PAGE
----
I ran and ran and ran and ran

People often ask me if I run marathons. My answer had always been, “I ran one a long time ago, but I prefer shorter races.” Inevitably, people, especially non-runners, want to know why. After all, isn’t the marathon the be all end all of running?  My answer had always been “I think the marathon race is too long.” Now that I have done my second marathon, I believe that more than ever.

The Start
The Start

My goal for the Buffalo Marathon was to break 2:40 and win a Moose Mug. (Google it.) According to all the online calculators I should be able to run a 2:36-2:38 marathon, but we all know those things are crap for predicting marathon times. Even if you use a half marathon time, you are trying to predict what you will do in a race that takes over an hour longer to run. Still, I thought 2:39 was very reasonable, and it was until mile 22.

I’m not going to give a long recount of the Buffalo Marathon, but I do want to share a few high and low points. It was a nice course, with a few more hills than I expected. I liked that we started with the half marathon runners because I had a good group of people to run with on the first loop, including the woman who finished 2nd in the half. She kept worrying about her pace because she had never raced farther than 10k before. She hoped to break 80 minutes and did so by a wide margin. Helping her stay on track for the first 12 miles of the race took my mind off what I was going to have to do later on and made the first half seem very easy.

Time for a wave
Time for a wave

The second half was a lonely affair. Aside from passing a few people and being passed by one person I was running alone. As late as mile 18 or 19 I was thinking I should really start pushing the pace a little harder. But pushing the pace harder at that point just meant slowing down less. Then at around mile 23 we began a mile and half of steady uphill and things just fell apart.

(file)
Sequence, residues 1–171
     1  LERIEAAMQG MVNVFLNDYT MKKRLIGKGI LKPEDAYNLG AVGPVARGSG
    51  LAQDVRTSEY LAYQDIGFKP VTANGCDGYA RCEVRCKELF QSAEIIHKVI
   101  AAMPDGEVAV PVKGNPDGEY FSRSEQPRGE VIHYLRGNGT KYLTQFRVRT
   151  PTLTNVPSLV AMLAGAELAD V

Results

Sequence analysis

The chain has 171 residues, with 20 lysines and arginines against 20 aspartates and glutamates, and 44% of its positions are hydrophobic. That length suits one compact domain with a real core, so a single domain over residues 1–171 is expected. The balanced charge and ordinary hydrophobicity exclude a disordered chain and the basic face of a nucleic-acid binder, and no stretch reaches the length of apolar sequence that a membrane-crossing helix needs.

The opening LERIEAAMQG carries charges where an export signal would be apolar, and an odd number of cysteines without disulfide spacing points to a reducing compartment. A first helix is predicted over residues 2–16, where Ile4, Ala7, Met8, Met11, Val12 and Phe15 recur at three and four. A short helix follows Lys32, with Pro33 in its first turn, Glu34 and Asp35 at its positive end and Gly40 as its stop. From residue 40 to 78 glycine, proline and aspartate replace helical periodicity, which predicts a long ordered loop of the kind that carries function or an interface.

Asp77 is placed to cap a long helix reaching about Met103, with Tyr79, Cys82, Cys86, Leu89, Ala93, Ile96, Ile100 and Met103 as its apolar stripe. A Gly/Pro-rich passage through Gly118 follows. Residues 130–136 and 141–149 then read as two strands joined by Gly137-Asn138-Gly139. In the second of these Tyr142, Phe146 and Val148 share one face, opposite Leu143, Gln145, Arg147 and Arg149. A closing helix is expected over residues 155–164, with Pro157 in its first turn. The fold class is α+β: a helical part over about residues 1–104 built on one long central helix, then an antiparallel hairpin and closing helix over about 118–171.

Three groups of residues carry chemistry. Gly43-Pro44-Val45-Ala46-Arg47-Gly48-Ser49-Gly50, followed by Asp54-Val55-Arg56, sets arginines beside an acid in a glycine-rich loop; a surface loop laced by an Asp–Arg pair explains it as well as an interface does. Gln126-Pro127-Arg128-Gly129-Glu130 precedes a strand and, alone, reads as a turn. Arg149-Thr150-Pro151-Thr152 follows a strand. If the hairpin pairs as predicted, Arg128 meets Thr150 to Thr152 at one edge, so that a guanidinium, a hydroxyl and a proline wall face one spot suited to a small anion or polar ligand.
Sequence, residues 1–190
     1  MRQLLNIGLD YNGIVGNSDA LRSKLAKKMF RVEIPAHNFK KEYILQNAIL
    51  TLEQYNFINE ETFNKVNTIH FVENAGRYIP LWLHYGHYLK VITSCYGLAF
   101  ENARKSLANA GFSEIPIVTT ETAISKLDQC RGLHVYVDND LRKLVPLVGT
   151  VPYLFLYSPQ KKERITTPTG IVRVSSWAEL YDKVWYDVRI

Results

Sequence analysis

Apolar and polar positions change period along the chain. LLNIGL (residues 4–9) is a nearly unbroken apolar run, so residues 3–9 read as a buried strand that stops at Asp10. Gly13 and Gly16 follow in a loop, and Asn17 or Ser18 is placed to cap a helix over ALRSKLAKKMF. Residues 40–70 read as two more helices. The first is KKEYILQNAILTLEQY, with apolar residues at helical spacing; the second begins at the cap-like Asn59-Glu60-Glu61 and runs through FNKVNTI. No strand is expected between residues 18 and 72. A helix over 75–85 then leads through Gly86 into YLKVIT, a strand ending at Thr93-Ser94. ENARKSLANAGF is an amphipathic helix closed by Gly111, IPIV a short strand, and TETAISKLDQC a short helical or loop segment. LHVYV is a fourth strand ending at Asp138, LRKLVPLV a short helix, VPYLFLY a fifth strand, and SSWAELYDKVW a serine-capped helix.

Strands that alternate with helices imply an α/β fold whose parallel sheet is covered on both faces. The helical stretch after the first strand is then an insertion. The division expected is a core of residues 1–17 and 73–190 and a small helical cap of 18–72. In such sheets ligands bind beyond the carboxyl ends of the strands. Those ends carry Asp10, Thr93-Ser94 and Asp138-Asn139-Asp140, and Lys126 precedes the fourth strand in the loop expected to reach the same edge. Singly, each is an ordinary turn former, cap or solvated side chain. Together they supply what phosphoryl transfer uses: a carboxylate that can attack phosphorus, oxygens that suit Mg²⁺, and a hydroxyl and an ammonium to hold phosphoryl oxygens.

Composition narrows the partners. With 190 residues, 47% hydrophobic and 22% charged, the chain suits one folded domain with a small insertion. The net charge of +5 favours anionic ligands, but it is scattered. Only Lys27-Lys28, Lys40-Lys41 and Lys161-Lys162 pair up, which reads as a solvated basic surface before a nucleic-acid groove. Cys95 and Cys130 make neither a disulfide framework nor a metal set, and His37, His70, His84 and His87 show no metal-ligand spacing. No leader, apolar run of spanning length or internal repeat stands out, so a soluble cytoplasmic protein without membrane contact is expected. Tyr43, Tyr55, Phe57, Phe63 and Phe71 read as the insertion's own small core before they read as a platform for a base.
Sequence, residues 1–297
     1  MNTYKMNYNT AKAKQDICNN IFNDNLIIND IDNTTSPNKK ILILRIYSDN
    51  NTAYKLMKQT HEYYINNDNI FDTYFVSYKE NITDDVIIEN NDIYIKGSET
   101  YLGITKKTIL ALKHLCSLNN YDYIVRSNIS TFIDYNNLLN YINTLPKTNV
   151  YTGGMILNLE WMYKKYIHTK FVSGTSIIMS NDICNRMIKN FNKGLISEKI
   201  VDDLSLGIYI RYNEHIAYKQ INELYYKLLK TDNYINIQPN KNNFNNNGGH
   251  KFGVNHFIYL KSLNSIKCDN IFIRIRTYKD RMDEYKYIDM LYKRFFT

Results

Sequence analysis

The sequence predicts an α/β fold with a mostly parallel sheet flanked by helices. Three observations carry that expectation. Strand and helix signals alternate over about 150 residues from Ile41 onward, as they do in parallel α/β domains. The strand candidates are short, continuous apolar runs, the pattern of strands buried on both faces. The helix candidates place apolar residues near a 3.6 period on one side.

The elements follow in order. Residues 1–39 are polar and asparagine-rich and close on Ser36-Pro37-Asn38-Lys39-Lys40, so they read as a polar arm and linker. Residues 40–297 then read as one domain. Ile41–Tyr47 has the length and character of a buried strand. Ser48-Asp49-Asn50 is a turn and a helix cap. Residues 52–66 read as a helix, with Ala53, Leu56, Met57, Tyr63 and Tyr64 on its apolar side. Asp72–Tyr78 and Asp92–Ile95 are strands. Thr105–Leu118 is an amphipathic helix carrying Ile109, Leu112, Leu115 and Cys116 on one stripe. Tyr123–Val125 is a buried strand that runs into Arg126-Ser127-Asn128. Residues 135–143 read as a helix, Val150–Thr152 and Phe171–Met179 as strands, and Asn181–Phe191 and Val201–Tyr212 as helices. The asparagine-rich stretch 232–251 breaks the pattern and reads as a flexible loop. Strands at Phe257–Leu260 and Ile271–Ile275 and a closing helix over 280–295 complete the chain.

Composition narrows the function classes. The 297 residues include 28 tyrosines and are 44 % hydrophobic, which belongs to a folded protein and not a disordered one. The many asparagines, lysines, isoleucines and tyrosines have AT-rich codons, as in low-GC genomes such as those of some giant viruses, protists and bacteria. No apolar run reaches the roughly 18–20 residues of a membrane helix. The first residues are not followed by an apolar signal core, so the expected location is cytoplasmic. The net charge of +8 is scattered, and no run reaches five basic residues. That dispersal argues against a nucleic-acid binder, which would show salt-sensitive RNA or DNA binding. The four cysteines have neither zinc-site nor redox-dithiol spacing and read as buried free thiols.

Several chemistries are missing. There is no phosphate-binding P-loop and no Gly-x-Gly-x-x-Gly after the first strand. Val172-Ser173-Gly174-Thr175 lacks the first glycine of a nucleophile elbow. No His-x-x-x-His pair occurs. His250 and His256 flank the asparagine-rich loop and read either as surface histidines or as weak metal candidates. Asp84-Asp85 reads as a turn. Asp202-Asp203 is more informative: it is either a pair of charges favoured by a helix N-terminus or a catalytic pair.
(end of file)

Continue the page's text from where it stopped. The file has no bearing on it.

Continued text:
The one person who passed me in the second half said,

“Mile 24 is a good one!”

“Is it downhill?”

“No it’s uphill, but there is good crowd support!”

At that point I would have traded all the crowd support in the world for a stretch of flat road. Not that I don’t appreciate the people who came out to cheer us up that last bit of hill, but unless one of them was going to carry me up it I wasn’t going to stay on pace to break 2:40.

8 miles to go.
8 miles to go.

The one thing that kept me moving those last 2 miles was the thought, “I worked too damn hard for this shit.” It just kept going through my head over and over while my feet burned, my quads ached and every step was choice to take one more or stop.

Still some work left.
Still some work left.

At mile 26 I got to see Lisa and the girls. Seeing them and hearing them cheer for me was absolute bliss. It was the only thing that was going to get me to move slightly faster and hold off a hard charging masters runner.

The end.
The end.

2 hours 41 minutes and 11 seconds. It wasn’t what I wanted, but I don’t find myself disappointed. I put in the work, and I ran my race. I gave everything I had to give, and in the end I came up a bit short of my goal. It certainly isn’t the first time or the last time that will happen. Eleven years and tens of thousands of miles since my last marathon, and I finally feel like I have a performance I can be proud of. Many people have already asked when I’m doing my next one… Maybe in another 11 years.

Final Results

11th place overall

10th male

2nd masters (I got 1st masters prize money because the 1st masters finished 3rd overall)

5k 3.1 mi 0:18:50 (6:04 pace)
10k 3.1 mi 0:18:44 (6:02 pace)
15k 3.1 mi 0:18:38 (6:00 pace)
20k 3.1 mi 0:18:51 (6:04 pace)
25k 3.1 mi 0:18:46 (6:02 pace)
30k 3.1 mi 0:19:04 (6:08 pace)
35k 3.1 mi 0:19:16 (6:012 pace)
40k 3.1 mi 0:20:18 (6:32 pace)
Finish 1.4 mi 0:08:44 (6:23 pace)

Time: 2:41:11 (6:09 pace)